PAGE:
Pin the rest of the facing to the lining. Make sure the distance from the end of the lining to the end of the facing is the same as the front extension, i.e. 7cm. You’ll need to ease the facing onto the lining, due to the difference in curvature at the edges.
Press the seam towards the facing.
Your lining is now finished, and ready to be sewn into your jacket shell.
(Note: the fabric at the end of the sleeves of my lining is the same as my facing, because of a late pattern adjustment to lengthen the sleeves. Just in case you’re wondering why the lining fabric doesn’t extend right to the end of the sleeves in these and the following photos. I has long gorilla arms. :-p )
Sewing the jacket shell
Stitch up the jacket shell as per the instructions, with the following changes:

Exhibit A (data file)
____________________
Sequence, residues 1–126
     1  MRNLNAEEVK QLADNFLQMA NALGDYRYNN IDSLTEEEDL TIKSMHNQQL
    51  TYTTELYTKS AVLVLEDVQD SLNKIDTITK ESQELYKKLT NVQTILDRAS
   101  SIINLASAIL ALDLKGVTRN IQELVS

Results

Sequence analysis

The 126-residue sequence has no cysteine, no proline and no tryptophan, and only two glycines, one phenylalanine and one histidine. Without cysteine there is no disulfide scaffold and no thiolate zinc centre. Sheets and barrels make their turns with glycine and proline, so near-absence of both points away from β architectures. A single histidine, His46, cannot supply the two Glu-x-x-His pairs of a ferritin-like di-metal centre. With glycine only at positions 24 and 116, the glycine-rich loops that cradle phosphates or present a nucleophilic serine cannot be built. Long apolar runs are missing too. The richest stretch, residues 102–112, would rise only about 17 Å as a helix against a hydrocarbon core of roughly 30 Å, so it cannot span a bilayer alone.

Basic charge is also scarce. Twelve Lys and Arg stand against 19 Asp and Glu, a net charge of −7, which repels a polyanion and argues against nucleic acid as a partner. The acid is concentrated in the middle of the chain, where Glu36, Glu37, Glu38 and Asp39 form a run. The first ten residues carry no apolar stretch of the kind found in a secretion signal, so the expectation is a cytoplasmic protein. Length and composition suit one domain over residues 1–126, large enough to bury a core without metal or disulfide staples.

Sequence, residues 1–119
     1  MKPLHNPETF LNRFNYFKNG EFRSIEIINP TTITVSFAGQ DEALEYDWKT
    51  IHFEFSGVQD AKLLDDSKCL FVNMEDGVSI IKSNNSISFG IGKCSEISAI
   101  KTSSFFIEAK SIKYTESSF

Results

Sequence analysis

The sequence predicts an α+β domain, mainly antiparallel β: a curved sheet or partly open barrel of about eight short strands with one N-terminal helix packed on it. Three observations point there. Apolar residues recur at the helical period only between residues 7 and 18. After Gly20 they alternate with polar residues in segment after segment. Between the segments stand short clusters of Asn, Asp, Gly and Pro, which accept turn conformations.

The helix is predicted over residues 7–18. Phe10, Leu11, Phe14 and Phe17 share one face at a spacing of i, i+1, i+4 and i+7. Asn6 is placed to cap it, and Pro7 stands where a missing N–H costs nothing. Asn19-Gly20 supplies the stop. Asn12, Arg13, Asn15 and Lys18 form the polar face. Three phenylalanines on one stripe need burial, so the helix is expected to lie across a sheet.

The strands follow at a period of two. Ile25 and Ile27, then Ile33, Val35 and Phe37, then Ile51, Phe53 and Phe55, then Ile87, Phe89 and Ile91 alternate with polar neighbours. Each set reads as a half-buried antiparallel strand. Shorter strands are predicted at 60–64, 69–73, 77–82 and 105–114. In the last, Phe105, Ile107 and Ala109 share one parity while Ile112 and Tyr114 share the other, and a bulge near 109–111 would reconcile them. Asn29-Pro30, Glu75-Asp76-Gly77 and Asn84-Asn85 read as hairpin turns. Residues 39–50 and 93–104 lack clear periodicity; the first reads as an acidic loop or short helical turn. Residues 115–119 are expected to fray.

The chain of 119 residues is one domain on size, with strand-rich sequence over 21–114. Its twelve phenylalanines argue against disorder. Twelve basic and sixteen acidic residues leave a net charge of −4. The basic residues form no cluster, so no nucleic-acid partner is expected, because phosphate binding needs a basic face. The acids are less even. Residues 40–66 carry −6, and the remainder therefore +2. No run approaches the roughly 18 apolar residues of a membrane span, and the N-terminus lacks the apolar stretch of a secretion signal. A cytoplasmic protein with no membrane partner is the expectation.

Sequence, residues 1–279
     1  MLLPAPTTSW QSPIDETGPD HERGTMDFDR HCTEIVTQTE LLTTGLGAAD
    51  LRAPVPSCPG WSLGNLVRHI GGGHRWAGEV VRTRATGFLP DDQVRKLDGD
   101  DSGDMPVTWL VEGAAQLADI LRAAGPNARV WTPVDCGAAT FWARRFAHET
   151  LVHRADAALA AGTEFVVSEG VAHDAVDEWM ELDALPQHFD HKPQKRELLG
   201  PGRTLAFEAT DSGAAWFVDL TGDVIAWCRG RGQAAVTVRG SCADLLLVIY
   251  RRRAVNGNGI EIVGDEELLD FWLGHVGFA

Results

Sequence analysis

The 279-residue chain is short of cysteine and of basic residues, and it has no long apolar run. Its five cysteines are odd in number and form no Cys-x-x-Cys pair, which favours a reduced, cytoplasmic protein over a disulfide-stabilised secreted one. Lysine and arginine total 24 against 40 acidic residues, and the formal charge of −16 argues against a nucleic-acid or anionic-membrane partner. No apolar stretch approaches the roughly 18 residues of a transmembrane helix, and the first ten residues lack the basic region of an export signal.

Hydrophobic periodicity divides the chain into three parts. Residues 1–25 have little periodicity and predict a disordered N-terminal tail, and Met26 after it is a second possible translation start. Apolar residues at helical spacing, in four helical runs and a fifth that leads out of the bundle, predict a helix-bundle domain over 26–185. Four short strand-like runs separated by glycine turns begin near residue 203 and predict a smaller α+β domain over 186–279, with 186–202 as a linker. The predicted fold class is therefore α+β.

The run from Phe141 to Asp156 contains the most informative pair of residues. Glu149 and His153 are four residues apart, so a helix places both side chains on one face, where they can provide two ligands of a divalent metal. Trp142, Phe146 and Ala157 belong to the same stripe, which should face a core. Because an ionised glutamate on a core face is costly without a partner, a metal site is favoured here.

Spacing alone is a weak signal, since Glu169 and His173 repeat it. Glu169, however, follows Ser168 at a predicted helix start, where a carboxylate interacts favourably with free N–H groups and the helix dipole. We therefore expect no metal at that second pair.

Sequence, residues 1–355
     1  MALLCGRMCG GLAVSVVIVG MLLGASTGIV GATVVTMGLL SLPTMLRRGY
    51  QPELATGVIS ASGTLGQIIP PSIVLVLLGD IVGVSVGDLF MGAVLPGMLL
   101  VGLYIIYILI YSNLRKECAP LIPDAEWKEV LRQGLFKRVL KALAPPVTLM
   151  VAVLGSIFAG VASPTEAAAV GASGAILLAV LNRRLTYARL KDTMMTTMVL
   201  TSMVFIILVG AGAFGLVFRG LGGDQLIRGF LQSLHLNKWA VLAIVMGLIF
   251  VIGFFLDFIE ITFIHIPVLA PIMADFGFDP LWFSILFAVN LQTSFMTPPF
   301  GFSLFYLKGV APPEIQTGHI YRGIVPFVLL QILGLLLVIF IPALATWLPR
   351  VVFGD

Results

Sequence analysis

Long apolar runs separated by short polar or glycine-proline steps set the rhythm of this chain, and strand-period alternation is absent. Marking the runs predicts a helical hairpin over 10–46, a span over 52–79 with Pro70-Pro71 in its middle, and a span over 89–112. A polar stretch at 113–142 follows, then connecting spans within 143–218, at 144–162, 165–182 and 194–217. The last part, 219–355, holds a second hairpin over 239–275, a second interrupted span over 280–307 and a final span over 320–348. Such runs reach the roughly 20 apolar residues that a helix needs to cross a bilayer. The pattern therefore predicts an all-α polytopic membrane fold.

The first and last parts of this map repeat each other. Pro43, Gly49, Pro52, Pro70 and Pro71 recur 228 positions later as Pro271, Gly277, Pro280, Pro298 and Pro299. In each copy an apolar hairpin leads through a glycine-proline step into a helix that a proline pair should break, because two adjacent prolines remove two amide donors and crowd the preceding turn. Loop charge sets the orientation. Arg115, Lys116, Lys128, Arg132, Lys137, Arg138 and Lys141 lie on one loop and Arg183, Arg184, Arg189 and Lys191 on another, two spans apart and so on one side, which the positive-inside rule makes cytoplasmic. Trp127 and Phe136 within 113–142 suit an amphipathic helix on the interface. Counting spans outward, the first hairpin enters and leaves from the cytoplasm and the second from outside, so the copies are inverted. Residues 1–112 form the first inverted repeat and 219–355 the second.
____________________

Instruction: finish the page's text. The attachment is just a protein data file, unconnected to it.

- when attaching the bottom ribbing, stitch the short end onto the front extension with a 1cm seam allowance, rather than folding the front extension under and topstitching to attach the ribbing
- don’t topstitch around the bottom ribbing (or you’ll have trouble attaching the lining!). Instead, press the seams of the ribbing towards the jacket body
- when you get to the instructions for attaching the facing, skip over these and go and attach the sleeve cuffs instead
Sewing in the lining
Attaching the lining to the jacket body
Pin the lining onto he jacket as per the instructions for attaching the facing, and continue pinning all the way along the bottom of the jacket as well. Make sure the bottom ribbing is folded inside, just like the neck ribbing is, so it doesn’t get caught in the stitching).
Sew the lining to the jacket, leaving a 10cm gap for turning the jacket back around the right way (I left my turning gap at the bottom of the jacket). Tip: When stitching, have the shell fabric on the top, so that you can follow the stitching lines for the zip and ribbing to get the lining perfectly aligned on the inside with no stitching showing.